Does Eugene Volokh agree with Bill Schmalfeldt’s interpretation of U. S. v. Cassidy? Well, it’s certainly true that Prof. Volokh agrees that writing about someone on the Internet is protected speech. But how about writing to someone? I’ll let the good professor speak for himself. Here’s what he had to say when writing about the patently unconstitutional peace order Brett Kimberlin secured against Aaron Walker last year, an order that forbade Mr. Walker from writing about Kimberlin—
The old narrow restrictions might well be constitutional (see, e.g., Rowan v. U.S. Post Office Department), but precisely because they deal with essentially one-to-one speech — restricting such unwanted speech to an unwilling listener leaves the speaker free to keep talking to other, potentially willing listeners.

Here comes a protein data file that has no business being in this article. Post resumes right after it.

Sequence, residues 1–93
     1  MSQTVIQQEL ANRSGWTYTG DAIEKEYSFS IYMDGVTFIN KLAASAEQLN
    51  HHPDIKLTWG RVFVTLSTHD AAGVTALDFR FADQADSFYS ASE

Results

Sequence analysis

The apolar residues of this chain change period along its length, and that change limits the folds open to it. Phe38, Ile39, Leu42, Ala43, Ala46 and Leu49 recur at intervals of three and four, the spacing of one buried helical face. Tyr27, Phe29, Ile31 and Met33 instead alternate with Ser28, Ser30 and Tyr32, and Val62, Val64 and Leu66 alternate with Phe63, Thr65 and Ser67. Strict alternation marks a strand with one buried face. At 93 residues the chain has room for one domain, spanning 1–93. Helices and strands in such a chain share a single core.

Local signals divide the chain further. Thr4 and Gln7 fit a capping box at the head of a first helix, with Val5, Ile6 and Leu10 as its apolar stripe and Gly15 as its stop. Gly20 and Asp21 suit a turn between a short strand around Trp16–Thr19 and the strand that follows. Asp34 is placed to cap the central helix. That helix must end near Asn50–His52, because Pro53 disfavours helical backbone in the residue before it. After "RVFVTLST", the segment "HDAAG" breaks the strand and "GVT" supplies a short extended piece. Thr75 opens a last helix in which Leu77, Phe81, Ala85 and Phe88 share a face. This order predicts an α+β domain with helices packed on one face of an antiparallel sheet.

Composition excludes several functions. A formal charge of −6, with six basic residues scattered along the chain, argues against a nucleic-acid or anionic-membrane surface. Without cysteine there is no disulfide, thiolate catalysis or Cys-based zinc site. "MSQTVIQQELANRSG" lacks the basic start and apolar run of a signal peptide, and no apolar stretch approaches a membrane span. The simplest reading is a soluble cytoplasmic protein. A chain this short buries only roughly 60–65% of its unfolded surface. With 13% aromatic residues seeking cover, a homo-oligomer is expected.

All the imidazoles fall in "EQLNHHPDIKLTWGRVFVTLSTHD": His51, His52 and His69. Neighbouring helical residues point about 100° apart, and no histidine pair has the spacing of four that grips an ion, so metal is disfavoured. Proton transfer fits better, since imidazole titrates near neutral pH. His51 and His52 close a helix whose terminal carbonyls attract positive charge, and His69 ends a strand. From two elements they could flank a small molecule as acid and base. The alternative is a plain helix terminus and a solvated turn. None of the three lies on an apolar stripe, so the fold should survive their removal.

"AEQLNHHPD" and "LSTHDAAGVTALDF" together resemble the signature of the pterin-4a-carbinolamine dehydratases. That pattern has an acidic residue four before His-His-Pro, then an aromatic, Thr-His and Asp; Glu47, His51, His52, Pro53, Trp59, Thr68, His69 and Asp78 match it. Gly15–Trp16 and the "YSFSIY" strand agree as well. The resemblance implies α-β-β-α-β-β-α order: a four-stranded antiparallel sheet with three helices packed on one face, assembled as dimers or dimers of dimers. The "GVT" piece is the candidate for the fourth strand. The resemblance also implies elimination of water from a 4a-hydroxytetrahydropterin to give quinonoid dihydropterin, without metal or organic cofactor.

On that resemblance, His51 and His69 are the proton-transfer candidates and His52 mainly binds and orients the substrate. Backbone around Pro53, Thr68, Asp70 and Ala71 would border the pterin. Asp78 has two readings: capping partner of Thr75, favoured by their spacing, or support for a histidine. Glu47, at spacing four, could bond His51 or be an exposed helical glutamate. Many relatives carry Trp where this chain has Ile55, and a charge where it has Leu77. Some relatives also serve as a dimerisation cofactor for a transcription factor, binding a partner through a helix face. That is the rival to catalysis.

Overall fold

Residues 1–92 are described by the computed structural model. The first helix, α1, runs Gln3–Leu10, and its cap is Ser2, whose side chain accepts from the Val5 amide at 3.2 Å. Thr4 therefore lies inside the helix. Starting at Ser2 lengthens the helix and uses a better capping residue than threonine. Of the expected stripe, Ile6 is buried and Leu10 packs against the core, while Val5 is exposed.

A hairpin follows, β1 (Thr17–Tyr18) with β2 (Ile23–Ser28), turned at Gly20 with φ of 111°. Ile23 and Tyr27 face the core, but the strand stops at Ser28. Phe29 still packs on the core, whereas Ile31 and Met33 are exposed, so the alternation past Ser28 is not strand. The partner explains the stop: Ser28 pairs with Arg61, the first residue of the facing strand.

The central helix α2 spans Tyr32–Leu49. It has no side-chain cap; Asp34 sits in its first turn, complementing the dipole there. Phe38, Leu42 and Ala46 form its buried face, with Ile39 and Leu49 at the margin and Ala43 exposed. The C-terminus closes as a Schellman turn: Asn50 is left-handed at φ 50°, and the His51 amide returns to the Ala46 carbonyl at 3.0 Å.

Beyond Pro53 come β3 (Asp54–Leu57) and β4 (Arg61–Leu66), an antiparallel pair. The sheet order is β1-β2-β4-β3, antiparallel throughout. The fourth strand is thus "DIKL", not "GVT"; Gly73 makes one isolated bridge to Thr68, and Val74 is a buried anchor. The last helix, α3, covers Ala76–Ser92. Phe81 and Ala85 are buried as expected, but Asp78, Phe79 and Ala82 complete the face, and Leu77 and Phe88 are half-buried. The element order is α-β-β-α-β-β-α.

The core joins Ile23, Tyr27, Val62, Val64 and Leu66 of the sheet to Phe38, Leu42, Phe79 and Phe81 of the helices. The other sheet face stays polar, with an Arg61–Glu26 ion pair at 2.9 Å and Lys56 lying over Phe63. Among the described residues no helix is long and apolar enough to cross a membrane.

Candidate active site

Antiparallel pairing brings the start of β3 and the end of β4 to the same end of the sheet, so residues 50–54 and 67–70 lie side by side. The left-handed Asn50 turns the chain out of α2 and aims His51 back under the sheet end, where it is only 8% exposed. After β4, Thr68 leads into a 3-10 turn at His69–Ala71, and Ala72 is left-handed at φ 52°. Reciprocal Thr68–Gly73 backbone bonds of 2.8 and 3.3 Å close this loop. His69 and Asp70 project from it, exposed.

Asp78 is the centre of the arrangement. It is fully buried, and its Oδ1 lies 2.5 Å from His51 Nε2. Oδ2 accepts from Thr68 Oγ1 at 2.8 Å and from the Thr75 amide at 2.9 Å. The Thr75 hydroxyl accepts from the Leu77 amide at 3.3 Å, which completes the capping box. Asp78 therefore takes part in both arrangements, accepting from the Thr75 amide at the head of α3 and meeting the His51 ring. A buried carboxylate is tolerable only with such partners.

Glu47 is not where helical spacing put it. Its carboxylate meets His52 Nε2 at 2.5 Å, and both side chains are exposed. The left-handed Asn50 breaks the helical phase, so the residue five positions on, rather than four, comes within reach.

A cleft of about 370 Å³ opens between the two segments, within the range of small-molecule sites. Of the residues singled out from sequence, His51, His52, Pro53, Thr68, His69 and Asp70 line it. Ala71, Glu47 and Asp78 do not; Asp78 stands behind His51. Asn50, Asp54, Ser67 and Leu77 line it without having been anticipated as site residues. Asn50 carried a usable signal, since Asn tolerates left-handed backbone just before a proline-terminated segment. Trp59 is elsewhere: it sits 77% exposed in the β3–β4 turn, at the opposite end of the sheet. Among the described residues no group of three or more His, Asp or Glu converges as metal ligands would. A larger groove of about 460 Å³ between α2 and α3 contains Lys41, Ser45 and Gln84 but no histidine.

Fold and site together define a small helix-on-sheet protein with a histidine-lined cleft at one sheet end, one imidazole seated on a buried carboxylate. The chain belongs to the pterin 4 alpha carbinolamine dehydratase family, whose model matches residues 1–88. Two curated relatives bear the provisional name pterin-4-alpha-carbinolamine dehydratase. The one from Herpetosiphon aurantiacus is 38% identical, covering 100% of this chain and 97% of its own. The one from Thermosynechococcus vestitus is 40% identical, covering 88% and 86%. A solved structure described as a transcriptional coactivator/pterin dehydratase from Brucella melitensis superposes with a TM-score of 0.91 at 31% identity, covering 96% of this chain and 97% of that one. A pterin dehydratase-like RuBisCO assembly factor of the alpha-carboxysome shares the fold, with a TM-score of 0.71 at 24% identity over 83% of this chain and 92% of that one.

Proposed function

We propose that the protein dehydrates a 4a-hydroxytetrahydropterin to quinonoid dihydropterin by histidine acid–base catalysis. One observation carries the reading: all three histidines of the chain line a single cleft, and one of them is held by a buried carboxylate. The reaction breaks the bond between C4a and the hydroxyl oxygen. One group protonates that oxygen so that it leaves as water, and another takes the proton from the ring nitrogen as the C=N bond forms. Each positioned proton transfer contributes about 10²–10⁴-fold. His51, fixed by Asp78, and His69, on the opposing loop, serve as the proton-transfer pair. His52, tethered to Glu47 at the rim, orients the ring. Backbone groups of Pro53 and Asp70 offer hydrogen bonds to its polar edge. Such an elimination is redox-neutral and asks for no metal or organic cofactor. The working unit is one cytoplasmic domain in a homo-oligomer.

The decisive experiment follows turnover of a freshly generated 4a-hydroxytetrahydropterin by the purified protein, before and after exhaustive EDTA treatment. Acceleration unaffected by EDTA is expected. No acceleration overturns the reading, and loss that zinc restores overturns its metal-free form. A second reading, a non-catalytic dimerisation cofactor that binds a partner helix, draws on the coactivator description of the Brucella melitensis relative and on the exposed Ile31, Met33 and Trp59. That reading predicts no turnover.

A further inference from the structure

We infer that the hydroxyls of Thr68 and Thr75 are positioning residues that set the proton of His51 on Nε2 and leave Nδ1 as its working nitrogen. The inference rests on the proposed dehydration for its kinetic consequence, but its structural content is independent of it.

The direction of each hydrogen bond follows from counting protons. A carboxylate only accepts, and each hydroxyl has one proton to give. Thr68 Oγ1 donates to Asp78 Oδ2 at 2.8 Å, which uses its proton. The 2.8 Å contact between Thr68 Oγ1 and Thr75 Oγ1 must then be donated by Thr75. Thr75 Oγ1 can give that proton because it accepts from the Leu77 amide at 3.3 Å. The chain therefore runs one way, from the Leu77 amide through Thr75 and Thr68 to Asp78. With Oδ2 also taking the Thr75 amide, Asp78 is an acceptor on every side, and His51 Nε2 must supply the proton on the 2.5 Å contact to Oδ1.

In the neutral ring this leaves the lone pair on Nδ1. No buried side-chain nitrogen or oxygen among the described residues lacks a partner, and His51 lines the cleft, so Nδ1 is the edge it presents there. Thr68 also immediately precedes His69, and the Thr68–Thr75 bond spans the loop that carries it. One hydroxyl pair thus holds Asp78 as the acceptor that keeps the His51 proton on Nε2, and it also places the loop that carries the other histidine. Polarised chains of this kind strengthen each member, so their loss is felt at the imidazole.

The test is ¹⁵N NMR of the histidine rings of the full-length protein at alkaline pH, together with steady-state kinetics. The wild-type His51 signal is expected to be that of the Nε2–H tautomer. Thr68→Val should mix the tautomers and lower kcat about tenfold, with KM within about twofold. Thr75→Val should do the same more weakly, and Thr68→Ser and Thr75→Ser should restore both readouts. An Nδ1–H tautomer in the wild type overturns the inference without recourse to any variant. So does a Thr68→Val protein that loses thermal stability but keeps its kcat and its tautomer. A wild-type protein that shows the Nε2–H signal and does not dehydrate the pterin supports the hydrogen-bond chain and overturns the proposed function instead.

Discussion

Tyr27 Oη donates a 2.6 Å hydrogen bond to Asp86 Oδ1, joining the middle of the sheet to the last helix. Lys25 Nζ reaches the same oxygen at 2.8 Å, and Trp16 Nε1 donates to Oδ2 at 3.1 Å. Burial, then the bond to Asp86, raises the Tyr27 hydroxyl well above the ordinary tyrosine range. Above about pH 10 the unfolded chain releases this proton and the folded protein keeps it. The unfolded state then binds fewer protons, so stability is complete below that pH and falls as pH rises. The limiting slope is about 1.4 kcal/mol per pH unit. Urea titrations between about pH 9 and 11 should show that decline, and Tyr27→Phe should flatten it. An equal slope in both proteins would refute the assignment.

Of course, it is just that sort of one-to-one speech that the Cabin Boy engaged in after being asked to stop which violated Maryland’s harassment law. Prof. Volokh also notes that
[p]erhaps a specific statute that bars the deliberate sending of one-to-one messages to a person who has asked that the messages stop, or who would otherwise clearly be substantially distressed by the messages, might be constitutional.
So it looks as if Prof. Volokh might agree that old-fashioned harassment statutes apply to behavior on the Internet just as they do in the real world. Perhaps the Cabin Boy should ask Eugene Volokh to file an amicus brief.